Awards Database

Scialog: Collaborative Teams - 2016

Alvaro  Sanchez

Alvaro Sanchez

Yale University, Ecology and Evolutionary Biology

Pankaj Mehta

Boston University, Physics,

What constrains microbial diversity? Deriving new ecological principles for the microbial world

Microbes often live in richly diverse communities that may include thousands of different species. Even communities where nutrients are scarce and conditions are harsh can harbor exceedingly large varieties of micro-organisms.

“Classical results in community ecology suggest that the number of species in a community cannot exceed the number of resources,” noted researchers Alvaro Sanchez (Yale) and Pankaj Mehta (Boston U). However, recent experiments in Sanchez’s lab revealed that complex microbial communities with more 15 species can co-exist on a single carbon source such as glucose.This seems to directly contradict the competitive exclusion principle,” they claim.

Now, Sanchez and Mehta have each received a $50,000 Scialog Award to determine, through a combination of theorizing and new experiments, the physical and chemical constraints on microbial diversity. “In particular, we seek to identify the basic ecological principles that govern community assembly in microbial ecosystems,” they said.

The researchers starting point is that when microbes metabolize a rich substrate, such as glucose, they produce a number of metabolic byproducts. Many of these are then excreted to the immediate environment, where they can be absorbed and metabolized by other species, producing yet another layer of molecules of lower value that are in turn secreted to the environment.

“We propose that this process of serial metabolism bootstraps microbial diversity,” Sanchez and Mehta said. “This prompts the question -- what limits this bootstraping process? In addition to this process, some of the secondary metabolites act as antibiotics that kill neighboring cells. In turn, cell lysis also releases new metabolites and resources into the environment. We hypothesize that the fundamental difference between microbial ecology and some macroscopic ecological systems is that most microbes within an ecosystem exist on the same trophic level while constructing their own ‘niches’, and hence there exist strong interdependencies the organisms and their environment.”

They will test these hypotheses by developing new theoretical models of microbial community ecology. In particular, they will revisit classical models of community assembly and adapt them to the microbial setting by accounting for the ubiquitous production and consumption of small metabolic molecules by microbes and include the release of small molecule resources from cell death in a population.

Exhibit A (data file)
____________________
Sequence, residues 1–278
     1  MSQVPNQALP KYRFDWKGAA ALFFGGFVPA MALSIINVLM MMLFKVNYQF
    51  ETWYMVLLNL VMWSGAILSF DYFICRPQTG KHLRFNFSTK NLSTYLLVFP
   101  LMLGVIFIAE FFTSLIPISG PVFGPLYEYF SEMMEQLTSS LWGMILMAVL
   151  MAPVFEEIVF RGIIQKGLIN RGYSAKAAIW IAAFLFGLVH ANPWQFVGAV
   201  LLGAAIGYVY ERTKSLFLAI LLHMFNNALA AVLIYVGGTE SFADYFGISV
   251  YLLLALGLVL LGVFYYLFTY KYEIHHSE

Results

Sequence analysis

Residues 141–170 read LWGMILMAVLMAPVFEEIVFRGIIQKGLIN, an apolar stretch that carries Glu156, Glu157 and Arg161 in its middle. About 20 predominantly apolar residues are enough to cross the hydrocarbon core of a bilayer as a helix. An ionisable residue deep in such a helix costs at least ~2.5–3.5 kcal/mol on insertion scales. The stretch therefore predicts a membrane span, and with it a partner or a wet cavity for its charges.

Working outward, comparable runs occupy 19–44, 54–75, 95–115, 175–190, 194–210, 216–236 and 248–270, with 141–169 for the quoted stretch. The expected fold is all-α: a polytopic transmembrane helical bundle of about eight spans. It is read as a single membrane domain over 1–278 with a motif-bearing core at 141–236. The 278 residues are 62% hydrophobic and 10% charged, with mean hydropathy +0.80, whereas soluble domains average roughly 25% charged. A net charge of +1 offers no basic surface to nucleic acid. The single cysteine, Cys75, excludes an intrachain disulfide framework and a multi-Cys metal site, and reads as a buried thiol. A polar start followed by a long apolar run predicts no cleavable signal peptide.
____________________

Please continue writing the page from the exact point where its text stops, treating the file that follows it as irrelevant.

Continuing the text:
Sanchezwill then test the models experimentally by growing complex communities in a variety of carbon sources. Hewill vary parameters such as the energy per substrate molecule, number of carbons per molecule, total amount of carbon in the medium, as well as population dynamic effects (death rate).

This combination of theory and experiment will allow Sanchez and Mehtato uncover the fundamental principle underlying community ecology in microbes.

Sanchez and Mehta are among more than 60 early career scientists participating in Scialog: Molecules Come to Life, a three-year program jointly sponsored by Research Corporation for Science Advancement (RCSA) and the Gordon and Betty Moore Foundation. Additional funding has been provided by the Simons Foundation. Scialog supports research, intensive dialog and community building to address scientific challenges of global significance. Within each multi-year initiative, Scialog Fellows collaborate in high-risk discovery research on untested ideas and communicate their progress and form new collaborations in annual conferences.

Molecules Come to Life focuses on such questions as, what are the fundamental principles that make a collection of molecules within a cell produce behaviors that we associate with life? How do molecules combine and dynamically interact to form functional units in cells, and how do cells themselves interact to form more complex lifeforms?

The researchers formed their collaboration at a Scialog conference held earlier this year in Tucson, Arizona. There scientists from diverse fields of biology, physics and chemistry engaged in intensive discussions designed to produce creative ideas for innovative research.

“Scialog aims to encourage collaborations between theorists and experimentalists,” said RCSA Program Director Richard Wiener. “And, we encourage approaches that are driven by theory and coarse-grained modeling, that are testable by experiments.”

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